According to Gartner, the relationship between employers and employees has changed significantly due to the significant transformation in the way people work and how companies are thinking about the future. Today’s new employment contract centers on positively impacting employees’ lives while improving talent outcomes for employers.
Brian Kropp, chief of research in the Gartner HR practice, said, “Employers are focused on providing employees more flexibility than ever before, creating a shared purpose and building deeper connections with employees, The organizations that get this right will have a more engaged workforce, greater employee retention and better ability to attract the best talent.”
Flexibility Fuels Performance
When the COVID-19 pandemic struck, nearly every employer shut down their workplace and employees began working from home full time. While some employees are now back in the office, many continue to work remotely. Progressive organizations have embraced radical flexibility, giving employees control over where, when, and how much they work.
Gartner’s 2020 ReimagineHR Employee Survey of 5,000 employees from 1Q20 revealed that at typical organizations where employees work a standard 40 hours per week in the office, only 36% of employees were high performers. When organizations shift from this environment to one of radical flexibility where employees have choice over where, when and how much they work, 55% of employees were high performers.
“Offering employees more choices over when, where and how many hours they work, is not only better for employees, but also better for employers who end up with more high performing employees as a result,” said Mr. Kropp.
The Need for a Shared Purpose
Creating a shared purpose goes beyond corporate messages to real behaviors; leaders must actively get involved with the societal, cultural debates of the day.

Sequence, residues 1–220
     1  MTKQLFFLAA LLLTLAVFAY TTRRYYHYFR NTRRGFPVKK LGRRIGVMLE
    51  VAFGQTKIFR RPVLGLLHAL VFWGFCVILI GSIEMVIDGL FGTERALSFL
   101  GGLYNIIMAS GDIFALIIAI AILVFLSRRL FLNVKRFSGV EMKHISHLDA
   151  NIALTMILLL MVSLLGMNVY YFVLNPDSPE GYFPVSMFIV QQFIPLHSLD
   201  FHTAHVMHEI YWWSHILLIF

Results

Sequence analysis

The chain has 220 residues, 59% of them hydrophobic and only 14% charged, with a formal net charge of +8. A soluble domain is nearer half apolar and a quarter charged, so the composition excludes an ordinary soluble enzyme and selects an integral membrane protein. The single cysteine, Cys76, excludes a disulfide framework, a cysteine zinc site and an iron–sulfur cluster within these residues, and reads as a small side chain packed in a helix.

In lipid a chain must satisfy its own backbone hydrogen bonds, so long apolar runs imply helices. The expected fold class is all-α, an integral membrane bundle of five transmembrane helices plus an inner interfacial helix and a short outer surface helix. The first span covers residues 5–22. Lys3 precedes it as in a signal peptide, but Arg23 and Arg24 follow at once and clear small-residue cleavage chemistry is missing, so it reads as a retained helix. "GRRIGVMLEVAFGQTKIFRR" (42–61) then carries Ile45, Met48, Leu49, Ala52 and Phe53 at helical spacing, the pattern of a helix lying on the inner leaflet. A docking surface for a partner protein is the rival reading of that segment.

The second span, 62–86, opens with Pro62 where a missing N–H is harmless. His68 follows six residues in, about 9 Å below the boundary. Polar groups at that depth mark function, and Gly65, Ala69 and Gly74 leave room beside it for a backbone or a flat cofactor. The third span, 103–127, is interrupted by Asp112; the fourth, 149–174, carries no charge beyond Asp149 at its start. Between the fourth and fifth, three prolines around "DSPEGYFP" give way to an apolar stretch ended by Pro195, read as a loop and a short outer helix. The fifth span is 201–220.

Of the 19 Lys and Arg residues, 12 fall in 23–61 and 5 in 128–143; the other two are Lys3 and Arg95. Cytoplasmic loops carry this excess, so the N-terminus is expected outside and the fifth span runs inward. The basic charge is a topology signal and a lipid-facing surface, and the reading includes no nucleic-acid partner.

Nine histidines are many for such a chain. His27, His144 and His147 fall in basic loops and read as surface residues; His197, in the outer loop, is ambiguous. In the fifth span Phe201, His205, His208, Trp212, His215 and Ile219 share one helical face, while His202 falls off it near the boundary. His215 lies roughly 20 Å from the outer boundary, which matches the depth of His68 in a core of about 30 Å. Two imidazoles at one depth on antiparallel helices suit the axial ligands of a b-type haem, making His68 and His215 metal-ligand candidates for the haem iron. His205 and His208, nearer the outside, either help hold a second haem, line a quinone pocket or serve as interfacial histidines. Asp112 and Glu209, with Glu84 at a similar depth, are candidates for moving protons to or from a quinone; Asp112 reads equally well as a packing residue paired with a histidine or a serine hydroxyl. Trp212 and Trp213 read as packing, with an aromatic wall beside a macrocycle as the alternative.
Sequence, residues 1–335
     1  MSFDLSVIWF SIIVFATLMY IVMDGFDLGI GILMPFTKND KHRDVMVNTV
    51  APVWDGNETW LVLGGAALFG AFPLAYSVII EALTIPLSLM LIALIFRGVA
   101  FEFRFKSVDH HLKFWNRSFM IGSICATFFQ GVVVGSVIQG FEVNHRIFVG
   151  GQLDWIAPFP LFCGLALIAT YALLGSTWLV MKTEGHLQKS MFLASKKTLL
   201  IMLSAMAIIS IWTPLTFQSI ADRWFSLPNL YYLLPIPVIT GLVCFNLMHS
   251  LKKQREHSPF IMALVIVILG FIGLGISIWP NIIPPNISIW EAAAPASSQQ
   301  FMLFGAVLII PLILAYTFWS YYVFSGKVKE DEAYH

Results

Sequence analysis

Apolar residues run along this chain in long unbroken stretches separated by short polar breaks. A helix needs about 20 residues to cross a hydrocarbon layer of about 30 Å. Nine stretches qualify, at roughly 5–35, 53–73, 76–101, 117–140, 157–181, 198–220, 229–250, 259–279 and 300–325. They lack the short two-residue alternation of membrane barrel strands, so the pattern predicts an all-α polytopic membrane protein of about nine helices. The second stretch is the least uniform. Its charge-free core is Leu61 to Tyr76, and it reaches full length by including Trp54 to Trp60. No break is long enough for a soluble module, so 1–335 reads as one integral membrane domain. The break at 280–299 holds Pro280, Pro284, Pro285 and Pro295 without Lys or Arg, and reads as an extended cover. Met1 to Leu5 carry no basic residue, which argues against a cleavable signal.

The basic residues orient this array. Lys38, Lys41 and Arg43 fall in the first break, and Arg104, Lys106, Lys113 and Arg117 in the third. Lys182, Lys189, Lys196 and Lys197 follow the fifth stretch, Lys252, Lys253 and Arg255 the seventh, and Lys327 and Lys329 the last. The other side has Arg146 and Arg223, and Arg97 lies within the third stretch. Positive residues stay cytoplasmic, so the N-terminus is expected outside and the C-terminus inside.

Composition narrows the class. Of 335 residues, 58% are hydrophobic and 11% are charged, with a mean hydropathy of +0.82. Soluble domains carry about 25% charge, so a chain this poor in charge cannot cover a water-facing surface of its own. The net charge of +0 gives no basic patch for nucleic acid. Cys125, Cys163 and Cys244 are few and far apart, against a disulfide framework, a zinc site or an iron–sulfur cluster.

CEOs commonly get involved in current societal or cultural events by issuing a corporate statement, believing that by making a statement they will meet employees’ desires for the organization to get involved.
However, Gartner research found that issuing a corporate statement degrades employee engagement when compared to doing nothing. When organizations act – reallocating resources, changing suppliers, giving employees time off to volunteer – the number of highly engaged employees increases significantly. Gartner’s found that while 40% of respondents were considered highly engaged employees, this number increased to 60% when the organization took action on the social issues of today.
“Organizations that get involved in the societal and cultural debates of today find they have a more engaged workforce and a better reputation that enables them to source the best quality talent from the labor market,” added Mr. Kropp.
Building Deeper Connections
To increase employees’ performance at work, organizations often provide new technology, tools, infrastructure and training. These tactics solely focus on an employee’s work, completely separate from their life. The COVID-19 pandemic has made clear to employers and employees that work and life cannot be treated as two separate constructs.
According to Gartner’s 2020 ReimagineHR Employee Survey, when employers develop deeper relationships with their employees there is a 23% increase in the number of employees reporting better mental health and a 17% increase in the number of employees reporting better physical health. Employers who support their employees more holistically realize a 21% increase in high performers.
To build deeper connections with employees, organizations are offering professional counseling services to support mental health, providing free access to learning and development resources to friends and family members who have been impacted by COVID-19, and helping parents with childcare and virtual learning.
“When organizations take a more holistic viewpoint of their employees and try to support them personally as well as professionally, employees report that their employer has a positive impact on multiple aspects of their lives,” said Mr. Kropp.